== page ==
Citizen
National 7.1.2014 07.00 am

Sowetan matric triumphs despite adversity

Thendo Mpfuni celebrates his Matric results at his school, Progress Comprehensive School in Soweto, 6 January 2014. He achieved 5 distinctions and 2 B's for his final results. Picture: Tracy Lee Stark
Thendo Mpfuni had just one chance and he took it, despite not being afforded the privileges available in most private schools.

This top achiever from Progress Comprehensive School in Pimville, Soweto, made a decision in Grade 11 to “strive for the stars”, all while he was surrounded by broken windows and the peeling of paint off his classroom walls.

“I just dedicated myself to something and it shows that, yes, you can do it without things like laptops, tablets and even a TV. All I needed was my book and my pen,” he said.

“It means a lot that I have achieved what I have in a public school. I did it without many of the privileges.”

Mpfuni, 18, ecstatic with joy, achieved five distinctions – in physical science, life science, mathematics, Tshivenda and geography. He also attainted Bs in English and Life Orientation.

These top marks, he hopes, will afford him the opportunity to study nuclear science and engineering at the University of Witwatersrand this year.

“I can’t take a holiday from studying,” he said, smiling widely.

Plenty of his fellow pupils tried to deter him from his goals, but Mpfuni remained determined.

“Some of them would be looking at me like ‘Ah, this guy, he is the smart one’, and as a teenager they tried to use it against me. Some also used me for my knowledge of subjects. It was not an easy thing to be the guy with the brains.”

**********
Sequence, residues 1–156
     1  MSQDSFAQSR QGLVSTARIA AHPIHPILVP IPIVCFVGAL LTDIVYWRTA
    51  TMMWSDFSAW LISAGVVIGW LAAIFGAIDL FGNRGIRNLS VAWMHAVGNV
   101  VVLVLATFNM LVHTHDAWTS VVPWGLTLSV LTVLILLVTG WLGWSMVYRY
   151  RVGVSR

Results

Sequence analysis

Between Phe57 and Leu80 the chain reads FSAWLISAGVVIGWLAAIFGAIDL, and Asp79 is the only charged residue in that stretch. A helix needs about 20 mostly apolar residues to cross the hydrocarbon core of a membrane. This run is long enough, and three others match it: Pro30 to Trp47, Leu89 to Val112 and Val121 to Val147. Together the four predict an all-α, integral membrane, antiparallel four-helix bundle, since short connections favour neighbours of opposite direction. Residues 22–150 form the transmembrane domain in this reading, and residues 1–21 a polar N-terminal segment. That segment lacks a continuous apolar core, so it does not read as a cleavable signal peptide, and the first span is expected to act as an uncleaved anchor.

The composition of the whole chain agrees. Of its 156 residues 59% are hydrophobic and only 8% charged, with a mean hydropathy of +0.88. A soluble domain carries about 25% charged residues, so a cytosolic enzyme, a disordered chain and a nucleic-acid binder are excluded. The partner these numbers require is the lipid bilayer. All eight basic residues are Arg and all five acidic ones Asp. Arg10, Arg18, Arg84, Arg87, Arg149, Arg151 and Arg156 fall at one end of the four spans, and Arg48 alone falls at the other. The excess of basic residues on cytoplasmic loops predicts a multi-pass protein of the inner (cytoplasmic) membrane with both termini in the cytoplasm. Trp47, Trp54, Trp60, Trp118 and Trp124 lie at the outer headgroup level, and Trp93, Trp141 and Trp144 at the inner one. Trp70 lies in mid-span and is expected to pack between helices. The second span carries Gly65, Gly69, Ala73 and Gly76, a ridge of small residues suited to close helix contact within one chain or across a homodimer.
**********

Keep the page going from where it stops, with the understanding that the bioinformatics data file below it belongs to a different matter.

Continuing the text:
Despite the beady eyes on him, Mpfuni said he was “excited to help” those pupils in need.

“They needed me when they needed help with something like an assignment. After that they wouldn’t talk to me for a week. But I had to help, because the more you help the more you learn.

“Everyone wants to pass their matric; it’s a fact that nobody wants to fail. The exciting part is that somebody needs you to help them pass.”

His advice to future matric pupils is to concentrate on their weak points.

“Work hard at those points. In that way you will get to where you want to be. I did all this even though I live in a noisy household. When there was noise, I studied out loud.”

It was also important to make his parents proud, he said. Mpfuni’s mother burst into tears when she heard her son’s results.

School principal Caroline Monageng pleaded with parents to support their children while they are writing matric.

“As much as your child is doing Grade 12, you are also doing Grade 12. Once these kids have achieved, you have achieved just as well,” she said.

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